In the Community: From the Office of Congressman Joe Morelle
New outlined legislation will hopefully address school bus driver shortage impacting school districts in our community and across the country.
Congressman Joe Morelle recently introduced the Get Our Kids to School Act takes steps to eliminate onerous licensure requirements, making them more accessible to pursue while maintaining strict safety standards.
“With the back-to-school season quickly approaching, this is a critical time to mitigate the bus driver shortage and ensure we have the resources to safely transport children to school,” Morelle said.
“That’s why I’ve introduced legislation to allow more people to apply for bus driver positions while maintaining essential safety standards.”
School districts across Monroe County have faced a shortage of bus drivers, which has been exacerbated by the COVID-19 pandemic. The 2021-22 school year saw bus driver shortages so severe that some local schools were forced to cancel classes, while others have had to change bus routes and lengthen the time students are on the vehicles. Earlier this year, the New York State School Bus Contractors Association estimated the number of bus drivers to be 15% to 20% below full staffing levels.
Morelle said this will ease the burden on communities, provide parents with much-needed peace of mind and lay the groundwork for a successful school year for everyone.”
“The proposed Get Our Kids to School Act will allow our districts the time necessary to attract, hire and retain qualified bus drivers while maintaining the high safety standards of transportation for our students,” said Monroe County School Board Association Executive Director Amy Thomas.
In September 2021, Congressman Morelle sent a letter urging United States Department of Transportation (USDOT) Secretary Buttigieg to allow school bus drivers to forgo the repair-oriented, under-the-hood vehicle testing requirements of the Commercial Driver’s License (CDL), which are unnecessary for school bus drivers and cited as one of the greatest barriers to hiring new operators. Forgoing this requirement does not impact any safety standards as drivers complete daily pre-trip inspections, have spare buses, and readily available mechanical support—and in the event of a break down, school bus drivers cannot leave students unattended and are therefore unable to go under the hood to repair their own bus anyway. In January 2022, USDOT announced they will allow states to apply for this this waiver—however, the brief time period during which the waiver was open did not allow the majority of states enough time to take advantage of this change.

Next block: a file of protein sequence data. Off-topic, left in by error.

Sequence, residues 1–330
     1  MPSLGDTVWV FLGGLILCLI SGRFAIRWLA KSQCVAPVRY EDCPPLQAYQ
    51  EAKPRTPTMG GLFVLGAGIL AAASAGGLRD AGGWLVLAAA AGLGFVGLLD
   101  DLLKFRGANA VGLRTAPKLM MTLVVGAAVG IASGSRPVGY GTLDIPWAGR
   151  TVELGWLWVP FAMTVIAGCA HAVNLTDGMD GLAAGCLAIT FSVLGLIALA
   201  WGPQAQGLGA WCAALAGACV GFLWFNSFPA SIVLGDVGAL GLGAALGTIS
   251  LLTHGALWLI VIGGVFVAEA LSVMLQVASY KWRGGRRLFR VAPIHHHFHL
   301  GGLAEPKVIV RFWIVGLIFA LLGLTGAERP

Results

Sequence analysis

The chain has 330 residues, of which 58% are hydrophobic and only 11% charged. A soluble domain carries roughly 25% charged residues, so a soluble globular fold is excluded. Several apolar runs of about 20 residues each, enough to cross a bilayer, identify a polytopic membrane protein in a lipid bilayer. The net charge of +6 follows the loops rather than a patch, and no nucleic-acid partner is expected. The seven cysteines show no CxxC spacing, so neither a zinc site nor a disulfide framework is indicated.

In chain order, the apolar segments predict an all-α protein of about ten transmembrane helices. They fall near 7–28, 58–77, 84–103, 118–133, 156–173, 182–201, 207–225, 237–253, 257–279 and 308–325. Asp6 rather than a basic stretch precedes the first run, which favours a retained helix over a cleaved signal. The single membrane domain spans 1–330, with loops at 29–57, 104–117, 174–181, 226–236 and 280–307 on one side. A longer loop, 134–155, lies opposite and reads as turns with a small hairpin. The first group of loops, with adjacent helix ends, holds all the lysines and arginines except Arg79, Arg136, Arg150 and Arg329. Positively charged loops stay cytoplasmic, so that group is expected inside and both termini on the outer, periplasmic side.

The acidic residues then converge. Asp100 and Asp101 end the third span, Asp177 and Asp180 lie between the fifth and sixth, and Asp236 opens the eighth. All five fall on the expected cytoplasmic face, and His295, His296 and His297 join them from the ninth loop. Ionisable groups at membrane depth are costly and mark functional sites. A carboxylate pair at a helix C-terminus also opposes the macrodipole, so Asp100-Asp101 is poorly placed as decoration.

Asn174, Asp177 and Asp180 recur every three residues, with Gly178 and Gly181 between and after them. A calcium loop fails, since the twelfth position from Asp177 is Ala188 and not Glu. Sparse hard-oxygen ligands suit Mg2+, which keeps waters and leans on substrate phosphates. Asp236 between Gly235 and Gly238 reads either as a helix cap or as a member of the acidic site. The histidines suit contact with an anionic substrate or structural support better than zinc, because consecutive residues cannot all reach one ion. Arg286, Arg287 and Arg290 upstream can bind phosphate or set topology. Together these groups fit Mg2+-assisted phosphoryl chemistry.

“We depend on our drivers to safely and thoughtfully transport the greatest gift in any community: our children. Congressman Morelle’s legislation would help ensure that we are able to fully staff our teams and continue to provide this service that is so essential to families and the efficient operation of our schools,” Dr. Kevin McGowan, Superintendent, Brighton Central School District said.
McGowan said the proposed legislation that could help ease the driver shortage is likely to have a meaningful and significant impact on a large concern for schools locally and throughout the state.
The Get Our Kids to School Act would extend this waiver for a period of one year, allowing more states to pursue the waiver and get drivers in the pipeline. The bill would also require the Secretary of Transportation to seek comments on the benefits of permanently granting this waiver.